If they choose to reach out to you for help, try to be patient with them and sensitive to all of these reactions. Give them your full attention when talking with them, and make an effort to show them that you understand how hard it can be.


  1. Band together

Although you and your ex-partner are going through your own period of change, it’s important to try to band together to support your child. This shows your teen that although some things are changing, they can always rely on their parents, no matter what.

First, find some strategies that work for you and your ex to ensure you’re on the same page when dealing with your separation. Encourage and help your child to seek out and strengthen their support networks beyond you and your partner. You could also include siblings, extended family members, other trusted adults such as neighbours, or your teen’s role models (sports coaches, teachers and the like). If your teen is comfortable with it, involving their wider network can create more opportunities for support for your child.


  1. Don’t forget to focus on yourself

It’s normal to find this situation challenging for yourself, too. In order to support your family, you also have to remember to take care of yourself. Make time to recharge, both mentally and emotionally. Having a clear mind and healthy body will let you handle any stressful situations more calmly. You’ll be showing your teen your positive communication and coping skills and that you value wellbeing and health. You’ll be a stronger parent and family for it.

Helping kids to stay safe

A new initiative tailored for children living in Rainbow Families is keeping young people safe.

Developed by Prosper (Project Australia) and Rainbow Families, the newly launched program helps young people to understand safety, develop protective behaviours and navigate complex issues, such as anti-LGBTQ+ behaviour, risk taking and early warning signs.

Our focus on children and young people reflects their importance as future community leaders. The behaviours they learn now, the attitudes they pick up at home and at school will shape tomorrow’s world. We want children and young people living in Rainbow Families to identify themselves in the pages of our programming and understand the important role they have to play in preventing violence.

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Love Makes A Family - Podcast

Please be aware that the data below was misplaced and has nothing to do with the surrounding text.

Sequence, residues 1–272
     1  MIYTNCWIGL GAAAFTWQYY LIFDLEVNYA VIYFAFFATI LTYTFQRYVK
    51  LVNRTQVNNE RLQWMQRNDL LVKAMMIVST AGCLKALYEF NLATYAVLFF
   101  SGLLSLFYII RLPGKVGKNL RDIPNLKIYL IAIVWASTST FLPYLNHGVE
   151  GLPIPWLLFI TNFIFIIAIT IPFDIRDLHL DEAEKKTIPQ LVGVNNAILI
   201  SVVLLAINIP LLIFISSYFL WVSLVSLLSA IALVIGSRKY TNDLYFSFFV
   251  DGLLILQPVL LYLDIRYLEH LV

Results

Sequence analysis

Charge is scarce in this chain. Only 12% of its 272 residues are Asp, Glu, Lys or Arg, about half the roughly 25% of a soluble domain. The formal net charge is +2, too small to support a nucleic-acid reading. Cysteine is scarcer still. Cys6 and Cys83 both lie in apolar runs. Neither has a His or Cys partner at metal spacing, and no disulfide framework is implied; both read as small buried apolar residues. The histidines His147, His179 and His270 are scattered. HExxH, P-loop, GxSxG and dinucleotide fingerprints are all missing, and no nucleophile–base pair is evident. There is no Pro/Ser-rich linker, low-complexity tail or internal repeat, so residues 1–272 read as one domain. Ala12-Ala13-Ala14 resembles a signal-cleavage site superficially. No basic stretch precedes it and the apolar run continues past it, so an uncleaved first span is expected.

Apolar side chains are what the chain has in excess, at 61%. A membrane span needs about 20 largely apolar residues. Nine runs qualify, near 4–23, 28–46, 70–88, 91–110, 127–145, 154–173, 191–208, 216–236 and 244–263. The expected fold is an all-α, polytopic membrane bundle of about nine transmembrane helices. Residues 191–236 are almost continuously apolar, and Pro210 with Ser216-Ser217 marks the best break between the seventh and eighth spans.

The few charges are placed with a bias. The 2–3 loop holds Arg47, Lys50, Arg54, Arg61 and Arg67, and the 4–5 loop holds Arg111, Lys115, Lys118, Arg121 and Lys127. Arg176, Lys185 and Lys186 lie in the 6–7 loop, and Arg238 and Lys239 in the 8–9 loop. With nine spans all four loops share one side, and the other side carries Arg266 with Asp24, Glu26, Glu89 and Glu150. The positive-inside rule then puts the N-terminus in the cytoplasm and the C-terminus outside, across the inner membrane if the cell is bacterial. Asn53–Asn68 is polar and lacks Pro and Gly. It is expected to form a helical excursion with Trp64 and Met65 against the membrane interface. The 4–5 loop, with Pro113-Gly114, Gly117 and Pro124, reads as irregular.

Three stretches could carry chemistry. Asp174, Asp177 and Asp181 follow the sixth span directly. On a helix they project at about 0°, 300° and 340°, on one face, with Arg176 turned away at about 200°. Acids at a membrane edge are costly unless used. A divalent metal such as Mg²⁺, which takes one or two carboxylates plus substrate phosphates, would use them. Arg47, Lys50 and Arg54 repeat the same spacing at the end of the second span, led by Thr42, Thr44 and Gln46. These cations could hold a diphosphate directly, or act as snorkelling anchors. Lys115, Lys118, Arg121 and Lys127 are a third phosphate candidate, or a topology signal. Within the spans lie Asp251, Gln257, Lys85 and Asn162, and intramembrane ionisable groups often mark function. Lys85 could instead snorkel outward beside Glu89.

We are launching our podcast all about LGBTQ+ families - Telling the stories of diverse families in Australia. It is an Australian focused podcast providing the community with an audible medium to explore intimate stories of parents and children, to share with Australia and the world. The podcast explores an inclusive narrative of what constitutes a family. And we want you involved for the next season! 

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Separation Guide

Separation can be an isolating experience if you are an LGBTQ+ parent.  Where do you look for guidance if the models for post-separation parenting that you see around you for just don’t fit? How do you access support when the available services don’t seem to respond your family’s needs? Rainbow Families has responded by developing “The Separation Guide”. Like our other resources, the Guide draws on the experiences of community members. Our heartfelt gratitude goes to those who have been incredibly generous in telling their stories and sharing their wisdom from lessons learned. They are doing post-separation parenting in the way that works best for their families.

During the COVID-19 pandemic, more than ever, separated parents have had to be flexible and child-focused in co-parenting their children. The changes and ongoing uncertainty regarding work, school and other activities has meant an anxious time for many people and brought additional challenges for co-parenting. While few of us saw this coming, the ability to respond to unforeseen events is the mark of a good co-parenting relationship.

A good co-parenting relationship isn’t automatic though. It takes hard work and time and the willingness to develop good communication. Some parents might not get there for reasons beyond their control and safety should always be the priority. It’s about putting your child first but it’s also about not making things hard for yourself. The way you manage situations from the beginning will establish a foundation for the future.